Carl Bloch - Christ heals Bartimaeus
"Master, I want to see."
Word for Sunday: http://usccb.org/bible/readings/102812.cfm
Jer 31: 7-9Hb 5: 1-6
Mk 10: 46-52
We have all heard the expression and likely said it ourselves at times: “I got more than I bargained for.” The meaning of that phrase would depend on the context in which it was spoken. If your spouse says it to you, he/she might mean that in marrying you they found more to love and appreciate than they imagined. Or, it might mean the opposite as well. You’re quite a handful.
We priests, in taking on a new assignment, might mean the parish is more difficult to manage than first expected. Or, it could also mean that it has proven to be a really great experience with more than expected benefits.
In making a financial investment or purchasing a large ticket item or even in a friendship, the investment or the person could prove to be more productive and enjoyable than expected or more disappointing.
Today’s Gospel is a beautiful story about a disabled blind man, Bartimaeus, who makes a simple request of Jesus: “Master, I want to see.” His request is reasonable. But, indeed he received more than he bargained for – he received not only physical sight but even more, the vision of new faith in Jesus and a new way in which to live.
But, there is an interesting social component here. Notice, the man cries out, “Jesus, son of David, have pity on me . . .” He obviously recognizes Jesus own position of honor as “son of David.” But, more on point is the word the blind man used, “pity.” Pity and mercy are synonymous and other translations use the word “mercy.” In ancient times it was felt the wealthy and fortunate owed a kind of favor to those who were poor. They were obliged to show mercy for their unfortunate condition.
So, Bartimaeus cries out to Jesus whom he recognizes as rich in wisdom and power to pay his debt to him because he believes Jesus is able to offer such assistance. Bartimaeus obviously knew that Jesus could do something and likely he had heard of other healings Jesus performed so what does he have to lose by asking? He saw in Jesus a possibility beyond what might have seemed reasonable. He had faith that the impossible, his instant healing, might happen.
In return, the man receives a new spiritual insight. To “see” Jesus for who he is and though Our Lord invites him to “Go your way” after the healing, he does remind Bartimaeus that his faith in him is what gave him more than he bargained for: a new potential, a new perspective and a new opportunity. So Bartimaeus, “followed him (Jesus) on the way.”
In the early days of Christianity, this new faith was referred to as “the way.” The power of our Christian faith is to be transformative. In this healing story, the early Christians and still for us today, learn that to be a Christian is to follow Jesus in a new way. To change us in ways that we may receive mercy from God who essentially owes us nothing but is love itself. By its very nature love wants to give; to offer itself to another so the love Jesus offers to the man is given in more abundance than Bartimaeus imagined. It is divine love and mercy.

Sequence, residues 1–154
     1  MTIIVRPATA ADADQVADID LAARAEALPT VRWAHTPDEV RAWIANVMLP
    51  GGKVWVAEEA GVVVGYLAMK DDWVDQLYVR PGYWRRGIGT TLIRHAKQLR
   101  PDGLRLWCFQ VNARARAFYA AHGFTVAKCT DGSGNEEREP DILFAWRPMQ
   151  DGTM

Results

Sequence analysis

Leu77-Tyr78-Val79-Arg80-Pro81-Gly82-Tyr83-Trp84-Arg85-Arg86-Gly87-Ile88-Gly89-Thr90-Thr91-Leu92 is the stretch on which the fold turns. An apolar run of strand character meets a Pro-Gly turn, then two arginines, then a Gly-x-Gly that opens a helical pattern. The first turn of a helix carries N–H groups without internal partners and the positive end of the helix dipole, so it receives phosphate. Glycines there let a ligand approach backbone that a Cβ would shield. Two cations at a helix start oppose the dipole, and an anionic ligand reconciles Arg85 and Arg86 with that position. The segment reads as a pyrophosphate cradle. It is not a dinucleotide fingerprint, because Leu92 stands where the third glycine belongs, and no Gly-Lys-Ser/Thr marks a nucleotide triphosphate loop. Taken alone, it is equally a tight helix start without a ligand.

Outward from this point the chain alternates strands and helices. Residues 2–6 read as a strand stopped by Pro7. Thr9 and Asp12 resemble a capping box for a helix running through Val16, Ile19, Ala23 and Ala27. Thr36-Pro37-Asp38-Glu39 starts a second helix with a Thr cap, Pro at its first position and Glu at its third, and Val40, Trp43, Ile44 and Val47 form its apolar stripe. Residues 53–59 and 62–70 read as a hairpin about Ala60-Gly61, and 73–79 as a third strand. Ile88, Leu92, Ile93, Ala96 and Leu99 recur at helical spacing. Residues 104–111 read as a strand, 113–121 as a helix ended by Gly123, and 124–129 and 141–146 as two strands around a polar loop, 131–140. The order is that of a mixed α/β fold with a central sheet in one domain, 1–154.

Our first reading from the prophet Jeremiah paints the picture of this same saving God who will “gather them from the ends of the world, with the blind and the lame in their midst . . .” God, Jeremiah implies, has a plan to restore and renew and we, like Bartimaeus, are invited to walk in that plan by faith.
The faith expressed in Bartimaeus’, “I want to see” request is the plea of every one of us who want to take our faith seriously. Our faith does have the power to transform our lives and the world around us, even the culture in which we live today. But do we truly see this possiblity?
This Year of Faith invites us to take a look at where we are walking – in his way or in our own version of that way? We may indeed be living a Christian life in our moral choices but how strong are we to defend that? How much do we make use of what is offered to us? Are we rather private and timid or do we have the strength of our convictions? There was nothing timid about Bartimaeus.
By the positive example of our lives we can image for the world a new direction in which to walk. That faith in Christ and the higher moral values is the better way in which to live. For a culture that dismisses moral absolutes in favor of individual choice we have a hill to climb for sure. But, we are followers of Christ who leads the way before us.
The Eucharist offer us the saving grace of faith. As we are fed upon his Word and Body we grow in his grace if we approach this in faith and trust. We gather in the support and inspiration of our Christian family so we do not walk this way alone but with others.